Because You Missed It: The Hidden Gem Panels of PAX South 2015


If you didn’t make it to PAX South 2015 or were standing in line a while to play Dreadnought or Gigantic, you probably missed out on some of the smaller panels the convention offered. As a first-time PAX goer, and having watched previous PAX panels online, I wanted the opportunity to attend and participate in a few that struck a chord with me. Two of these in particular were The Gamer Parenting Strategy Guide and the Gaming Helps: How Gaming Can Help in Illness panels.

The Gamer Parenting Strategy Guide

Diving right into the meat of the panels, The Gamer Parenting Strategy Guide was hosted by Penny Arcade’s Jeff Kalles (@Sellak) and Kristin Lindsay (@Peeardee), as well as Eric Neustadter (e) (@thevowel). They stressed the importance of parents being involved in their child’s gaming, even if not as a participant. “E” reminded everyone of the extensive parental controls on the Xbox One, as well as those of other platforms including iOS. There were some common sense suggestions such as, “beware of YouTube’s ‘related videos’; a friendly Minecraft ‘Let’s Play’ can quickly turn into a profanity-laced tirade.” A particularly helpful “why didn’t I think of that” tip for newer parents was simply to turn on subtitles in games and videos to encourage literacy and reading comprehension (which I have since done after I arrived home). I learned of apps made by Toca Boca that are kid-friendly and (some) educational as well as a neat subscription-based service called Story Bots, which takes a photo of your child and delivers a unique story in which he or she stars! One of the attendees also mentioned K9 web protection to help protect your child from adult content online. As the panel drew to a close, I got to ask the final question of which games were the most rewarding cooperative experiences they have had with their child, and if any particular games or genres were better or more engaging than others. Here’s what they had to say:

E: “…if they’re old enough, Halo co-op with my son…We’ve played every Halo game co-op on Legendary together, and that is a great experience to do over, like a Christmas vacation, or something like that once they’re ready for it.”

Jeff: “Disney Infinity works really well at our house, because I can do the missions, and he can go do something else, because he does not like to follow the path! He wants to go do whatever he wants to do…and it drives me nuts as a gamer. I need the reward…”

They closed with a few helpful links and tips shown below, and I left the panel with an encouraging sense of reinforcement that, as a parent, I’m on the right track with my kids.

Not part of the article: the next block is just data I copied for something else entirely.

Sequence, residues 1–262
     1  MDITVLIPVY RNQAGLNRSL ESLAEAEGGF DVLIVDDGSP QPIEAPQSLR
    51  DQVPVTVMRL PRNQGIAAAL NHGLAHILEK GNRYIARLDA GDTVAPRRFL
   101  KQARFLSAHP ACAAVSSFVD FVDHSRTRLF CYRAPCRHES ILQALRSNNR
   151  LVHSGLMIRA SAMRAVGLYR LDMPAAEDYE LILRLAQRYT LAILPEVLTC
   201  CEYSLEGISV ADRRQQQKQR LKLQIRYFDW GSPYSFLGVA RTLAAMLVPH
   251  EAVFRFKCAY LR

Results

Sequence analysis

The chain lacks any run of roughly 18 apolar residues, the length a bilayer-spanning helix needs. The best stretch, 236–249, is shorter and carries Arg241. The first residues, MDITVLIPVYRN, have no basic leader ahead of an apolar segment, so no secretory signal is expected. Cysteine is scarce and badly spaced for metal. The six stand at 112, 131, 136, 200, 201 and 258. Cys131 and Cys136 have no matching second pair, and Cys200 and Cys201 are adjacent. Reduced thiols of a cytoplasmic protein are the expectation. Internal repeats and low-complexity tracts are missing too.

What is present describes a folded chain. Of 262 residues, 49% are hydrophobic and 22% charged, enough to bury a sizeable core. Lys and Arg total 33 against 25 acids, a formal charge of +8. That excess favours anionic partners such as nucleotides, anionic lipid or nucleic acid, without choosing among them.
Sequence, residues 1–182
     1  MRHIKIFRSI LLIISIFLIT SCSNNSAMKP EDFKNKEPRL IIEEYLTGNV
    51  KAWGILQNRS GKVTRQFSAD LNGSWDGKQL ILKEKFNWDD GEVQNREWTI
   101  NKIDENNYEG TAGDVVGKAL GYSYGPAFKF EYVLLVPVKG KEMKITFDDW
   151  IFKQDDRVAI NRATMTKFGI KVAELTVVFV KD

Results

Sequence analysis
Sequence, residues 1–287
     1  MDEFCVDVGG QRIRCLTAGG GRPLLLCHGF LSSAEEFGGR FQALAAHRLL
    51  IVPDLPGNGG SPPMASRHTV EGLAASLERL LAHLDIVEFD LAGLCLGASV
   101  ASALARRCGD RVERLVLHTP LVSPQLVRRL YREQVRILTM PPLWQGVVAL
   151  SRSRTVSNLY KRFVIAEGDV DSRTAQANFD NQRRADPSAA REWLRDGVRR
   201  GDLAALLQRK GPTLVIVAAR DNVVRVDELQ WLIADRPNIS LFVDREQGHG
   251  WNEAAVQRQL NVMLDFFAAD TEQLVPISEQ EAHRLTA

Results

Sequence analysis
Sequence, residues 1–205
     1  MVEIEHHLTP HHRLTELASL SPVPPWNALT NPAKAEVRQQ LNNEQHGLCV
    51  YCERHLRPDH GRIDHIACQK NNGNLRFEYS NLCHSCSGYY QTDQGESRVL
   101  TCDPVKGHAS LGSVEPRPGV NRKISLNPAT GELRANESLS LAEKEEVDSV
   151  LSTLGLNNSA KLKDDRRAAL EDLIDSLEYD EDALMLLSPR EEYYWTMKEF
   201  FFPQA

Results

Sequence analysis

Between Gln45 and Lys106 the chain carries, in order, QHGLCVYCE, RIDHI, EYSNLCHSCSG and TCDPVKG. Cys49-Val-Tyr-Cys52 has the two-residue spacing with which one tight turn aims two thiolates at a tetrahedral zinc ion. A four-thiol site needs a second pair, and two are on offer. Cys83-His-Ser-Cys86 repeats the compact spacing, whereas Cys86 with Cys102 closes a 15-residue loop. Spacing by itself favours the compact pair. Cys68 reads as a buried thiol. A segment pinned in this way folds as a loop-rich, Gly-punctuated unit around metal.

Gaming Helps: How Gaming Can Help in Illness

At the Gaming Helps: How Gaming Can Help in Illness panel Sunday, Joshua Turner (@DeathsCrowbar) took us through his battle with cancer and how gaming was instrumental in fighting boredom and depression. Let me paint the scene on this one. The panel was held in the Bobcat Theater, which probably seats 300-400 people. There were give or take 40 in the theater. Josh was originally scheduled to have 2-3 other panelists join him, but extenuating circumstances prevented their attendance. His presentation locked up as soon as his intro song, “Carry On My Wayward Son” concluded, leaving him with just his notes and a microphone, visibly flustered. A recipe for a train wreck waste of time, right? Hardly. Josh explained his struggles and praised the communities such as Halo 3 and Twitch that helped keep his spirits lifted through his cancer treatment and his parents’ splitting up. He showcased the awesome charities like Child’s Play, Extra Life, and Able Gamers that continually outdo themselves in helping sick kids and disabled gamers.

When it came time for Q&A, I was first to the mic. I jumped at the opportunity to share the story of #PrayingForGrayAndMason–of how gamers, listeners of the Everyday Gamers podcast, and fellow podcasters rallied around my family in our time of need to support us in so many ways while the twins were in the NICU for two and eight months respectively. As I sat down, ten more people had lined up behind me. I got to hear the story of a sweet girl who was on the brink of suicide but was still here today, largely in part because the gaming community cradled her in their digital arms and let her know that her life had value and that things would get better. I thought of Mason’s -8 vision as I heard the story of a disabled gamer with extremely poor vision and his buddy that he met, who was his self-proclaimed “seeing eye person.” There was even a medical student studying to be a doctor who asked how he could help his patients in similar situations as Josh once he gets his doctorate. While it was a shame that every PAX attendee was not in that room to experience what we few did, it was still an intimate setting that I never would have expected at a convention of this size. For that 60 minutes, I had a new family, and there was zero animosity or malice–only love and encouragement.

There’s Always Next Year

It’s experiences such as these, coupled with the strengthening of existing friendships among our independent gaming podcast family, that will have me back at a future PAX, I hope. Should you get the opportunity to attend one yourself, don’t turn a blind eye to the smaller panels. You never know which ones may change you for the better.

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